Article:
For ye are bought with a price: therefore glorify God in your body, and in your spirit, which are God’s.

—1 Corinthians 6:20


God has given each of us an individual temperament and distinct characteristics. Therefore it is the office of the Holy Spirit to work out as He will the details in Christian experience. They will vary with the personality.

Certainly we can be sure of this: whenever a person truly meets God in faith and commitment to the gospel, he will have a consciousness and a sharp awareness of the details of that spiritual transaction….The experience may have been brief, but the results will be evident in the life of the person touched as long as he or she lives….

We can always trust the moving and the leading of the Holy Spirit in our lives and in our experiences. On the other hand, we cannot always trust our human leanings and our fleshly and carnal desires. MMG017-018

[A]re you sure you want to be possessed by a spirit other than your own? even though that spirit be the pure Spirit of God…even though He be wisdom personified, wisdom Himself?…That Spirit, if He ever possesses you, will be the Lord of your life! HTB043



Acts 2:24

Death is final. Who has ever gone beyond the limits of life into the domain of death to return with word of what lies beyond?

Jesus died. There can be no question about that, in spite of current attempts to concoct tales of His swooning so convincingly as to persuade His practiced executioners that He was truly dead. The centurion detailed to hasten His death on the cross by breaking His limbs certified His decease before breaking a single bone. The greater miracle would have been the possibility that He might have still survived under such conditions. But it was not so. He died.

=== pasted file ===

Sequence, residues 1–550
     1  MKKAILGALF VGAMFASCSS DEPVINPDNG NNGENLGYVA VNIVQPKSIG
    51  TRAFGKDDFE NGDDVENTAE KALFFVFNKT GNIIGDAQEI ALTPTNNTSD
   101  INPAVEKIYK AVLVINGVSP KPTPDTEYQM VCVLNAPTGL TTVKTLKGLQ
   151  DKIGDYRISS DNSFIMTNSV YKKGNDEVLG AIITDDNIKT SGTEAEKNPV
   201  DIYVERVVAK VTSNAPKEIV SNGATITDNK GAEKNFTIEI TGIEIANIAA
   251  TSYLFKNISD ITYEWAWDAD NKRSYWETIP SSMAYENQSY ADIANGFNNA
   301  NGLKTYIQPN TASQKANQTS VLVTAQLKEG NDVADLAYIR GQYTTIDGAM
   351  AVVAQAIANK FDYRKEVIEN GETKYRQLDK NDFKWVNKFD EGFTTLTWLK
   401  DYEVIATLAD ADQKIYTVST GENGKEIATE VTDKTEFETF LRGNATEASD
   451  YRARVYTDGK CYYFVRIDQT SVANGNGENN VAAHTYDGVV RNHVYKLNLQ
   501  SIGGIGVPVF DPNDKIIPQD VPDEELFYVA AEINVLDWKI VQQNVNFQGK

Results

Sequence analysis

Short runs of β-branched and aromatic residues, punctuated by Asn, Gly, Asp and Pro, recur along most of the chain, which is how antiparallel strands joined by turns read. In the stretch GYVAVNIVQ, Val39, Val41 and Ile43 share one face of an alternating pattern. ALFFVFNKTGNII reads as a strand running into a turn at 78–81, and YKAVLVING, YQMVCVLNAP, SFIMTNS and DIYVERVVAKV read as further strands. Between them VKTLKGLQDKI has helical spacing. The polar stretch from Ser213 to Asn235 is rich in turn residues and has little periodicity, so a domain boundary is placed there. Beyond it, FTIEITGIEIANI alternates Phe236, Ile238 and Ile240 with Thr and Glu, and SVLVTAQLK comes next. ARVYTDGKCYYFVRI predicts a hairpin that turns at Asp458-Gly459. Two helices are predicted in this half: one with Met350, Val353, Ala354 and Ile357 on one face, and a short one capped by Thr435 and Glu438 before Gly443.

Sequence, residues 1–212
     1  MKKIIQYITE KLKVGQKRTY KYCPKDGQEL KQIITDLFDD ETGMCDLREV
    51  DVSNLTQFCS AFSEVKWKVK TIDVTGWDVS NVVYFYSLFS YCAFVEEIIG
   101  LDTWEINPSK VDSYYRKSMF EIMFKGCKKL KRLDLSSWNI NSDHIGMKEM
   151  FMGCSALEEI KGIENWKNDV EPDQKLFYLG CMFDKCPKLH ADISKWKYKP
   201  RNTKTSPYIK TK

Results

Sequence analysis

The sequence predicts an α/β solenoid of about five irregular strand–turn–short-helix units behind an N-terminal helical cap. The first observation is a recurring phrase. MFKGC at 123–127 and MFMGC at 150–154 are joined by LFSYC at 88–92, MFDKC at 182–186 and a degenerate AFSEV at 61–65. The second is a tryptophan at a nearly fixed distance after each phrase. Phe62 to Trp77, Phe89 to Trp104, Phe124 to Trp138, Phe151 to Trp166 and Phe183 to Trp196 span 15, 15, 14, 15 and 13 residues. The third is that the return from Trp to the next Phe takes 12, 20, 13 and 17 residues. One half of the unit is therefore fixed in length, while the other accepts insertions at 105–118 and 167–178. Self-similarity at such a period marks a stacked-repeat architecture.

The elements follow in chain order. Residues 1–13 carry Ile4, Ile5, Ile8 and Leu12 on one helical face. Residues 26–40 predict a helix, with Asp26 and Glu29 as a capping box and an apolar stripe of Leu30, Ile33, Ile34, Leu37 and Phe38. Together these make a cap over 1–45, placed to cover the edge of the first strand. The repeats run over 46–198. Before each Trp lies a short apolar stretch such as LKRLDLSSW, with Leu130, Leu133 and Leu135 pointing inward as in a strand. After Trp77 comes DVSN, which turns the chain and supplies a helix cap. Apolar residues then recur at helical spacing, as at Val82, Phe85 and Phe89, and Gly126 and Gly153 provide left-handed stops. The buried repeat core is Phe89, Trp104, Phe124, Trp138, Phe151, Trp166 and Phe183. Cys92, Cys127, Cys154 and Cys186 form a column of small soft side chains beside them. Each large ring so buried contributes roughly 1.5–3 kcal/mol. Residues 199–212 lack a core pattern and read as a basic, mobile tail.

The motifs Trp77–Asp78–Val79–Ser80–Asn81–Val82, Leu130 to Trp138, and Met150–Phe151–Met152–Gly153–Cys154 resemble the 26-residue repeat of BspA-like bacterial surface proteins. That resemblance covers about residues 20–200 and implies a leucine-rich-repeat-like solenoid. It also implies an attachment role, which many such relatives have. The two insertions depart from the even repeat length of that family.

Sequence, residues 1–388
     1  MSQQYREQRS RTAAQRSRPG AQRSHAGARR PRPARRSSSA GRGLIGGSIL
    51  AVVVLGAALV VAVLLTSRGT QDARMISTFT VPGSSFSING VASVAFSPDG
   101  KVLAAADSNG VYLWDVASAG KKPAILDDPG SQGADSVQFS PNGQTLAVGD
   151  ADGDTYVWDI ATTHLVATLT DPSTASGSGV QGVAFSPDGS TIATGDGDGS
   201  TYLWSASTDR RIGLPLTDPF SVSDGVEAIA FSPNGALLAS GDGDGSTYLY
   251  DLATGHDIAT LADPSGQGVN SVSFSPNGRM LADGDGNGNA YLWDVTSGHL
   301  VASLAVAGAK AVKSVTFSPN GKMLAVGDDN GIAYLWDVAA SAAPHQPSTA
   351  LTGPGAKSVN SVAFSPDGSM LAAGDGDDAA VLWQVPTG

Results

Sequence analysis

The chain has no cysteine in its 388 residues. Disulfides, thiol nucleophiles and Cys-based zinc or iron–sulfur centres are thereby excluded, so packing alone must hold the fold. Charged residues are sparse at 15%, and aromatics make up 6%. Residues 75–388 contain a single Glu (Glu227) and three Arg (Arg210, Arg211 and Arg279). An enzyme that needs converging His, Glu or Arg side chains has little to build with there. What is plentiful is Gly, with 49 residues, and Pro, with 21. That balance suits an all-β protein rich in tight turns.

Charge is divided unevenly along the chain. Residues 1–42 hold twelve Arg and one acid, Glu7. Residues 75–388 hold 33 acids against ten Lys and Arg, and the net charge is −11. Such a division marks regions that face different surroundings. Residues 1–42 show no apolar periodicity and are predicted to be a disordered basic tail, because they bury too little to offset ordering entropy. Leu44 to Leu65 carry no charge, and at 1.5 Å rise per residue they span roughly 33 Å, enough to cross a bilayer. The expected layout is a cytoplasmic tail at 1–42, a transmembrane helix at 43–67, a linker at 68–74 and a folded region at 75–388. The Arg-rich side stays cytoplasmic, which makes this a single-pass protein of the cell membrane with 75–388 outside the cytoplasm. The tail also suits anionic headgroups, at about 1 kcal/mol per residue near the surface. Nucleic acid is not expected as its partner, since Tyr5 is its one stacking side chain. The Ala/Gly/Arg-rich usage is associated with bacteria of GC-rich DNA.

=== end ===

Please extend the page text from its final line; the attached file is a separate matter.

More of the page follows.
The executioners knew it. His mother knew it. His beloved friend and disciple John knew it. Joseph of Arimathea, member of the high court of Judaism, knew it, for it was he who laid His lifeless body in His own tomb. And for three days His corpse lay there, sealed under guard, lest friends, thinking Him less than dead, should try to revive Him or even to steal away His body in order to proclaim Him yet alive.

How can reasonable people conceive of the possibility of the dead coming to life again? Unless, of course Jesus knew what He was saying when He declared, “I am the resurrection and the life” (John 11:25). Could it be true? Was Jesus who He claimed to be?

Look closely at the man: His miraculous birth, the precise correlation of ancient prophecy with the unfolding drama of His life. Listen closely to His words of grace and truth, of hope and salvation. Hear the note of authority in His voice as it grips the hearts of His hearers. Watch Him still the storm, release the possessed, heal the sick, feed the hungry. Stand with the cynical crowd and see Him call His friend Lazarus to life, still bound in grave clothes. Hear from His lips as he hangs upon a Roman cross whispered words of forgiveness for His tormentors. This is the Jesus who says, “I lay down my life—only to take it up again” (John 10:17).

God raised Him from the dead. And in raising Him, He released life-giving, resurrection power into the life of our jaded world. The living Christ strikes off the chains of addiction, binds up the wounds of the abused and lightens the darkness of the despairing. He forgives the sinner and restores us to fellowship with the welcoming Father.

Impossible? “God raised Him from the dead… because it was impossible for death to keep its hold on Him” (Acts 2:24). He is able to share that life with you and me. And with it, the possibility of a new and abundant life of fellowship with God. “The promise is for you!” (Acts 2:39)

Paul A. Rader, The War Cry